KBzine: the original kitchen and bathroom industry e-news - since 2002
31st August 2020
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Having been fridge-less since the middle of last week and not expecting the manufacturer's engineer to work on my errant appliance until next Tuesday - despite it still being under guarantee - I've been feeling somewhat disgruntled with life as you might imagine. The mild weather hasn't made it easy to prevent our fresh produce from spoiling, while the rain has just added to the misery at having to go outside to replace ice we've made in an attempt to keep things cool, or grab the milk every time we fancy a cuppa. And while many in my position might be salivating at the thought of being given a new appliance if the broken one can't be saved, I'm dreading that happening in case we have to go through Christmas continuing to store our food and drinks in boxes on the patio!
Having also had flu, I've spent hours whingeing in my head about how nothing's as good as it used to be, with items no longer lasting as long as they did (and should) and never being able to get good tradespeople.
So although the British Institute of Kitchen, Bedroom & Bathroom Installation's Damien Walters may well have been hinting at something completely different, his comment this week (see more below) about installation failing to keep up with innovation in other areas of the industry, just backed up these thoughts. I must add here that it's not the Institute's members I've been disliking, but those in other trades who've let me down over the years!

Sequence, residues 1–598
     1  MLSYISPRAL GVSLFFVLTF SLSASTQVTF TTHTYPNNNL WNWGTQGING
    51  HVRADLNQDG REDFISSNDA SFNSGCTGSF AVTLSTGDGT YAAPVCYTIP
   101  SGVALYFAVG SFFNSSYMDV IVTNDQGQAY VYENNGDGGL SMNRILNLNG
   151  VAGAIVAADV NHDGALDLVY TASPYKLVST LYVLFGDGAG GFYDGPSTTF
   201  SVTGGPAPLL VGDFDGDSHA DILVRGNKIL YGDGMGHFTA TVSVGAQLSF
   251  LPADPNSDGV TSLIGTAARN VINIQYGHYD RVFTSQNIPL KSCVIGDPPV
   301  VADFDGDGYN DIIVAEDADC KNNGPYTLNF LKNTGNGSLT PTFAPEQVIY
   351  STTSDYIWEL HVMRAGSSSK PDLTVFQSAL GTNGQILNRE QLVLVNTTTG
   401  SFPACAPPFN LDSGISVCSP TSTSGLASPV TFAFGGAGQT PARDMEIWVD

The Federation of Master Builders may have an angle on things with its statement yesterday that apprenticeships are plummeting because of the Apprenticeship Levy. Its reaction is in response to statistics published by the Department for Education, which show that there's been a 24% fall in apprenticeship starts for the 2017/18 academic year compared with the previous academic year.
The FMB's CEO Brian Berry says that the reforms announced at the recent Conservative Party Conference, don't go far enough. He feels that instead of large firms being allowed to pass 25% of Levy vouchers down through the supply chain to smaller firms, this figure should be increased to 100%, since in construction, it's the smaller firms that train more than two thirds of all apprentices. I have to say, I agree with Brian that more flexibility is needed - and although he didn't say it, a little more forethought by Government too!
7th December 2018